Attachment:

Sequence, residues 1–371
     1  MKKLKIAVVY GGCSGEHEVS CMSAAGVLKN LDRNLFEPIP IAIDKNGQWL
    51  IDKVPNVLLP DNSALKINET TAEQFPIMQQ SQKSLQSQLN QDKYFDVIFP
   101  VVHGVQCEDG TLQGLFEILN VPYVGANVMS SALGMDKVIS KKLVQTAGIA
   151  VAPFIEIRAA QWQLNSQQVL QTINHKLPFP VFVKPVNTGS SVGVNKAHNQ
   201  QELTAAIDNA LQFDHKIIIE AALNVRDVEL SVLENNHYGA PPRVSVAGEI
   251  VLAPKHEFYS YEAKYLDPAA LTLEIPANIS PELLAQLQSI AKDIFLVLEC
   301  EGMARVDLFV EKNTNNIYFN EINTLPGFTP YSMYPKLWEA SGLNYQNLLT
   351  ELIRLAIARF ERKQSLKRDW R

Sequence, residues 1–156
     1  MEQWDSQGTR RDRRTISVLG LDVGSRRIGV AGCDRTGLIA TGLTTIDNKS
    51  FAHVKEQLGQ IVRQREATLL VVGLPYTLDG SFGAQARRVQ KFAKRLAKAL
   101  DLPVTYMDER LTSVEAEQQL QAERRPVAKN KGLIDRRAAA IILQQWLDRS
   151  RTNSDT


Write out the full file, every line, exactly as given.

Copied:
Sequence, residues 1–371
     1  MKKLKIAVVY GGCSGEHEVS CMSAAGVLKN LDRNLFEPIP IAIDKNGQWL
    51  IDKVPNVLLP DNSALKINET TAEQFPIMQQ SQKSLQSQLN QDKYFDVIFP
   101  VVHGVQCEDG TLQGLFEILN VPYVGANVMS SALGMDKVIS KKLVQTAGIA
   151  VAPFIEIRAA QWQLNSQQVL QTINHKLPFP VFVKPVNTGS SVGVNKAHNQ
   201  QELTAAIDNA LQFDHKIIIE AALNVRDVEL SVLENNHYGA PPRVSVAGEI
   251  VLAPKHEFYS YEAKYLDPAA LTLEIPANIS PELLAQLQSI AKDIFLVLEC
   301  EGMARVDLFV EKNTNNIYFN EINTLPGFTP YSMYPKLWEA SGLNYQNLLT
   351  ELIRLAIARF ERKQSLKRDW R

Sequence, residues 1–156
     1  MEQWDSQGTR RDRRTISVLG LDVGSRRIGV AGCDRTGLIA TGLTTIDNKS
    51  FAHVKEQLGQ IVRQREATLL VVGLPYTLDG SFGAQARRVQ KFAKRLAKAL
   101  DLPVTYMDER LTSVEAEQQL QAERRPVAKN KGLIDRRAAA IILQQWLDRS
   151  RTNSDT